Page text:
Kamigawa: Neon Dynasty Blue EDH Set Review
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My name's Michael Celani, and because some absolute jerk signed the white set review before I could, here I am with the Kamigawa: Neon Dynasty blue set review! Not that I mind; the color blue is very important when it comes to technology because it cools down electrical components. I used to have a problem where my stove would ignite when I turned it on, but once I stuffed a bunch of blue LEDs inside the pipes, it became the least of my concerns. Anyway, there's a lot of cards here worth chatting about, so let's get started!
The Mythic Rares
Jin-Gitaxias, Progress Tyrant
If you want a seven-mana general and you aren't insane enough to play, may be the mechanical hellspawn for you. here is the first commander to unconditionally copy spells without any additional mana investment or tight restriction, meaning double s, s, and are in the cards. He also protects himself by countering the first instant, sorcery, or artifact your opponents cast each turn, but unlike an , it's not per player, so beware cooperation amongst your foes.
A far cry from the laser-focus of, is much more suitable for a variety of decks and doesn't have the heavy air of oppression that had. Extra Turns seems like the most punishing archetype to run with , because you get twice the time to dig for your next spell. If you do that, we can't be friends, though.
Kairi, the Swirling Sky
I'm fairly convinced thatis an okay commander. A 6/6 with flying and ward 3 is decent, but you are not getting any consistent value out of that death trigger in mono-blue. The first mode knocks out, at most, two relevant permanents with the kicker of every Treasure token that siphoned away from the proletariat. The second returns a few instants and sorceries to your hand, which is admittedly great value, but paying eight to do this a second time and even more afterwards is not where you want to be.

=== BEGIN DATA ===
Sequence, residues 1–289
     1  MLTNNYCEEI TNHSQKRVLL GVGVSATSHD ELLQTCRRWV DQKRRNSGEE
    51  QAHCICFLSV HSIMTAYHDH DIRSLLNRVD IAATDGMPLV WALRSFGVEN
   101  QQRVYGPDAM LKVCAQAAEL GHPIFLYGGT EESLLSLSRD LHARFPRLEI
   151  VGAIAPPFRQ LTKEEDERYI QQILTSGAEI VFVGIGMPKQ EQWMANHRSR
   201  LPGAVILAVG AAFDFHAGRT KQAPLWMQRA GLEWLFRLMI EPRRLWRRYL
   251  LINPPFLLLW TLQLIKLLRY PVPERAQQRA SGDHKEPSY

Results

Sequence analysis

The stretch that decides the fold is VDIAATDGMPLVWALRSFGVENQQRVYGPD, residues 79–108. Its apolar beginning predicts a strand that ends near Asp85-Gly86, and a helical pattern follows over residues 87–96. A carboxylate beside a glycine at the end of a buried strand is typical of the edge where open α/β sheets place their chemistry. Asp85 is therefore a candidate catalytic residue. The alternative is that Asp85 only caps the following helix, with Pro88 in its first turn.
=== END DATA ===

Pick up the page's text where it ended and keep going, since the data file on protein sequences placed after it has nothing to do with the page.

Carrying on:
If you really want to take's heart, the Dragon is much, much more suited for the 99 of a Dimir reanimator deck. With a way to sacrifice Kairi plus a few cheap rituals and reanimation effects, you can easily mill your entire library, make infinite black mana, and put every instant and sorcery in your deck into your hand, all of which is correlated with winning a game of Magic: the Gathering. Kairi's also just cheap enough to combo with the secretly busted , because you can reanimate Kairi and take advantage of its death trigger to return Blood back to your hand. The ceiling is high on the Swirling Sky, so consider running it alongside your Kokusho as a win condition.
Tezzeret, Betrayer of Flesh
I have at least five raunchy jokes involving with the title "Betrayer of Flesh," but my editor refuses to print them. However, we can print my critique of, which is "He's an okay value planeswalker for Vehicle decks."
Seriously, what you see is what you get. All of his abilities are fine, he's reasonably priced for what he does, he can defend himself (albeit poorly), and his ultimate keeps your hand flush. The only thing I find notable about Tezzeret,
How My Partners Describe My Performance In Bed Betrayer of Flesh is that his second ability doesn't wear off at the end of the turn, which is neat if you wanted to do something like attach to .
I suspect many of the Kamigawa: Neon Dynasty Sagas are going to share the same problem, which is that their third chapters which turns them into creatures kind of sucks for Commander. Endless easily removed French vanilla stat sticks! I haven't seen endings this weak since Dexter, and it even feels like the front sides were neutered to account for the permanents sticking around in Limited.
reads like a terrible that might have a rider instead of a cantrip. Snore! The back side is at least a little interesting, but not something I'd spend four mana and three turns on. Next!
Invoke the Winds
seems like the cheapest nonpermanent theft effect you can get in mono-blue not named . You don't even have to pay more mana based on the value of what you're stealing either, which is great if a sits across the table from you. Of course, five mana is a lot, but it's not really too far off from something like , and unlike a or , your theft can't be undone by wanton destruction.
March of Swirling Mist